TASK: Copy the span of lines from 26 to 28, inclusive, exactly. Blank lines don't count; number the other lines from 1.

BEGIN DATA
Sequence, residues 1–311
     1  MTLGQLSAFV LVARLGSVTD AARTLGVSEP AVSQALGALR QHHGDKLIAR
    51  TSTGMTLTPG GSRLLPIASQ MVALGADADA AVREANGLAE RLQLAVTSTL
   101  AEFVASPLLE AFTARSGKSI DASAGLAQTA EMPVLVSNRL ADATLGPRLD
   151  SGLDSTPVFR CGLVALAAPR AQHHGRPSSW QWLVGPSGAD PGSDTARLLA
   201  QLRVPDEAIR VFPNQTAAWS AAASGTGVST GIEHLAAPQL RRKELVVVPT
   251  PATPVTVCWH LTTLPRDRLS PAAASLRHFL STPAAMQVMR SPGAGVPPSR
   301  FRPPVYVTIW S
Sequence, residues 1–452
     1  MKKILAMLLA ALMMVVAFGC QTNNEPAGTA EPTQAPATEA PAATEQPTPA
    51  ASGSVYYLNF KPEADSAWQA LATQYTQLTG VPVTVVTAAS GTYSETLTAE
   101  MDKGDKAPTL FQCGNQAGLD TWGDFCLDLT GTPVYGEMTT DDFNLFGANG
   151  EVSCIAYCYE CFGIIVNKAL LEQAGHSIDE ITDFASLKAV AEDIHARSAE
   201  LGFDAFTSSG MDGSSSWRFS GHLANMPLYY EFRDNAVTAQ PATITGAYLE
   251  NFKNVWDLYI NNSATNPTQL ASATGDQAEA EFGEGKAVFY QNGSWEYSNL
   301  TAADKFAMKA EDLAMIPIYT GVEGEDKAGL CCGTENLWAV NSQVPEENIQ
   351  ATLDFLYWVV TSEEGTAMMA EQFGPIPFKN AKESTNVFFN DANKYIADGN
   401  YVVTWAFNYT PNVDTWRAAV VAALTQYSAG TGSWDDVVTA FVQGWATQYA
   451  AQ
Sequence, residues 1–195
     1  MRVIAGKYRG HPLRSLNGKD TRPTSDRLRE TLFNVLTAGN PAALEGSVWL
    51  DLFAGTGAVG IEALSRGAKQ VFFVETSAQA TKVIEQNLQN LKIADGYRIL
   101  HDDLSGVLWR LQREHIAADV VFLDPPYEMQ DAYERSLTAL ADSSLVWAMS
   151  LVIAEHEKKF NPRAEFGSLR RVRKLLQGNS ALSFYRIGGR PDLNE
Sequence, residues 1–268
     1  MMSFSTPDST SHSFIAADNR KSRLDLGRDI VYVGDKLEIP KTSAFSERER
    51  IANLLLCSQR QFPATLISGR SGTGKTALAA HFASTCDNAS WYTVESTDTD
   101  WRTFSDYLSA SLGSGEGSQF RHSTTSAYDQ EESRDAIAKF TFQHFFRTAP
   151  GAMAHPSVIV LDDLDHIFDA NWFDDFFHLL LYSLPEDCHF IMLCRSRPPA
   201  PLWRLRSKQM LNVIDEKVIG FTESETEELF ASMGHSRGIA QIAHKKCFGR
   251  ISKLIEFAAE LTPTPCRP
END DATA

     1  MMSFSTPDST SHSFIAADNR KSRLDLGRDI VYVGDKLEIP KTSAFSERER
    51  IANLLLCSQR QFPATLISGR SGTGKTALAA HFASTCDNAS WYTVESTDTD
   101  WRTFSDYLSA SLGSGEGSQF RHSTTSAYDQ EESRDAIAKF TFQHFFRTAP